In a critical victory for victims of Bair Hugger warming blanket infections, the trial judge presiding over thousands of hip and knee joint infection lawsuits ruled this week that the claims will continue against 3M over its Bair Hugger forced air warming blanket.
Surgery patients treated using the Bair Hugger warming blanket may be exposed to contaminated air from the operating room floor. It is critical that operating rooms are sterile environment to prevent infection during surgery. Doctors, nurses and others on the surgery team scrub in, scalpels and other tools are disinfected and sterilized. The operating room nearly germ-free… except for the floor.
The Bair Hugger system allows warm air to circulate contaminated particles from the floor and creates a current that can deposit the bacteria into the surgical site, leading to deep joint infections in hip and knee replacement patients.
Describing the claims, Judge Joan Erickson wrote:
Plaintiffs allege theories about how the Bair Hugger’s forced-air warming can cause deep-joint infection. After warming the patient, the Bair Hugger’s forced air flows into the operating room at large. Because this effluent forced air is warmer than the air-conditioned operating-room air, it convects. This convection stirs the operating-room air, allegedly lifting squames (skin flakes shed from people) and preventing them from safely settling away from the surgical wound. The parties agree that squames can carry skin bacteria, some of which can cause deep-joint infection. Plaintiffs also have a theory about bacteria that reside within the Bair Hugger’s central unit or hose. These bacteria allegedly get out riding the forced air, thereby increasing the bacterial threat within the operating-room air.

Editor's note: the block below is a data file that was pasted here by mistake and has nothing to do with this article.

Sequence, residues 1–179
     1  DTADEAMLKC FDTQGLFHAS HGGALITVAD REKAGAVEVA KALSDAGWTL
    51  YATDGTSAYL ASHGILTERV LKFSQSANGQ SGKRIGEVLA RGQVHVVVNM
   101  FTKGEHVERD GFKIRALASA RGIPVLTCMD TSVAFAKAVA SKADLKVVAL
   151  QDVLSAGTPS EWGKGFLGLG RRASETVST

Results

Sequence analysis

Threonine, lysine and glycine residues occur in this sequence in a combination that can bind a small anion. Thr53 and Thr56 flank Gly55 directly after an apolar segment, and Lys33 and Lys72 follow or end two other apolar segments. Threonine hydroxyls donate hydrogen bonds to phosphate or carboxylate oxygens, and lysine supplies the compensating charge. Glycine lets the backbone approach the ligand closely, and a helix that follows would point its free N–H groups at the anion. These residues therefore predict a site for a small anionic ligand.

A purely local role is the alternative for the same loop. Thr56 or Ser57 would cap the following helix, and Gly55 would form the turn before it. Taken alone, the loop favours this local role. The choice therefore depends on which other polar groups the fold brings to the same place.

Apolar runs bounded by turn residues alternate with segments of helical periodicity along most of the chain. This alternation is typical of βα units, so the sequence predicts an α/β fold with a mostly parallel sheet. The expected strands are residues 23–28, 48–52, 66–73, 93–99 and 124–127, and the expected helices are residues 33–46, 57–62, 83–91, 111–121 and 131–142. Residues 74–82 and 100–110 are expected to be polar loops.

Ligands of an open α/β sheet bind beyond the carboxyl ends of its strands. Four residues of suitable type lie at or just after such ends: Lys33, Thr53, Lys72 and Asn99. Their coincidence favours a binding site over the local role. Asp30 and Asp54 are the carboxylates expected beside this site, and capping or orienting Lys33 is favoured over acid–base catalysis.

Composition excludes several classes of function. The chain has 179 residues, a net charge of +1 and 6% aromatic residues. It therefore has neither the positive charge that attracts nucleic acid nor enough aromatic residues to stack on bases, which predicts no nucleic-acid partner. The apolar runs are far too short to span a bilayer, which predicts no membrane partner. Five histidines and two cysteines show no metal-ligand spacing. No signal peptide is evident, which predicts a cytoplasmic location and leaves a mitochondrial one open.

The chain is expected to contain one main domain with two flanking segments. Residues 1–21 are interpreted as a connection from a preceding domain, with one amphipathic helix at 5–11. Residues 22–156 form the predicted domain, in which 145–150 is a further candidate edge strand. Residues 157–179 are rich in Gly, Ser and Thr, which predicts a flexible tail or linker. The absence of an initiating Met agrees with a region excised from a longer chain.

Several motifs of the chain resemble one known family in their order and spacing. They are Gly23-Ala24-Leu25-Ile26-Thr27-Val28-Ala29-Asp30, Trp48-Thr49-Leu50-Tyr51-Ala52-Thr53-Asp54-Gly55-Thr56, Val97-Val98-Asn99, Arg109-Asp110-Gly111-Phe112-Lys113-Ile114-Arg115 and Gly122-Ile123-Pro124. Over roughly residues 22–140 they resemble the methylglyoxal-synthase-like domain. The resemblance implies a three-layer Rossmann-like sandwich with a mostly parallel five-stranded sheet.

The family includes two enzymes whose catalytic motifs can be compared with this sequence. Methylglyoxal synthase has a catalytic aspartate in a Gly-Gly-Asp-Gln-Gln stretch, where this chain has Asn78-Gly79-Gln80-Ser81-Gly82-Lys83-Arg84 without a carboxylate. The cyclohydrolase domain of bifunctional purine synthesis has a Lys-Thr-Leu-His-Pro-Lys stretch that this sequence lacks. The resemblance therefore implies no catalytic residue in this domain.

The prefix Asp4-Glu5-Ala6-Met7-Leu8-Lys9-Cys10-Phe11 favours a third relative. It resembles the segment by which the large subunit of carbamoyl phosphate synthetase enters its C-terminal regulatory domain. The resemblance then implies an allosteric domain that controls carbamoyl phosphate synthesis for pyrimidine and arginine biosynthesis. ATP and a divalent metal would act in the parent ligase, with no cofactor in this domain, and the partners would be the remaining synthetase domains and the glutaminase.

3M asked the trial court to strike the plaintiffs’ experts dismiss the case, claiming there was no evidence that the Bair Hugger led to infections. The trial court rejected 3M’s arguments and will allow the claims to proceed to trial. Judge Erickson found the Plaintiffs’ experts utilized scientifically valid methodology and their findings were relevant and reliable and could be heard by the jury at trial.
The first bellwether trial is set to begin on February 8, 2018, with additional trials set to follow throughout the year.
© Copyright 2017 Brett A. Emison
Follow @BrettEmison on Twitter.
Brett Emison is currently a partner at Langdon & Emison, a firm dedicated to helping injured victims across the country from their primary office near Kansas City. Mainly focusing on catastrophic injury and death cases as well as complex mass tort and dangerous drug cases, Mr. Emison often deals with automotive defects, automobile crashes, railroad crossing accidents (train accidents), trucking accidents, dangerous and defective drugs, defective medical devices.